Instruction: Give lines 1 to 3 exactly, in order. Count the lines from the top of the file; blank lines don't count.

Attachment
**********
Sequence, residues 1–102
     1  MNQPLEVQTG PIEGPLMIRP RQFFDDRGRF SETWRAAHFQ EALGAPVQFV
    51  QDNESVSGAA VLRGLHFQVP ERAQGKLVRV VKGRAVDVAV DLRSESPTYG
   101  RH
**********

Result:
Sequence, residues 1–102
     1  MNQPLEVQTG PIEGPLMIRP RQFFDDRGRF SETWRAAHFQ EALGAPVQFV
    51  QDNESVSGAA VLRGLHFQVP ERAQGKLVRV VKGRAVDVAV DLRSESPTYG